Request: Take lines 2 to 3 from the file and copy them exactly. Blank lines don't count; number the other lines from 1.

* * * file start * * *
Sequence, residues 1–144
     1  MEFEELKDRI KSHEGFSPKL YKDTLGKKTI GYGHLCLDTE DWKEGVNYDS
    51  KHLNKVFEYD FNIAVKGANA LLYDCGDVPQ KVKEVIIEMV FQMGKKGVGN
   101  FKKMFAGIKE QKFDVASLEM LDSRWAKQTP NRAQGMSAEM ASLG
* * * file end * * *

     1  MEFEELKDRI KSHEGFSPKL YKDTLGKKTI GYGHLCLDTE DWKEGVNYDS
    51  KHLNKVFEYD FNIAVKGANA LLYDCGDVPQ KVKEVIIEMV FQMGKKGVGN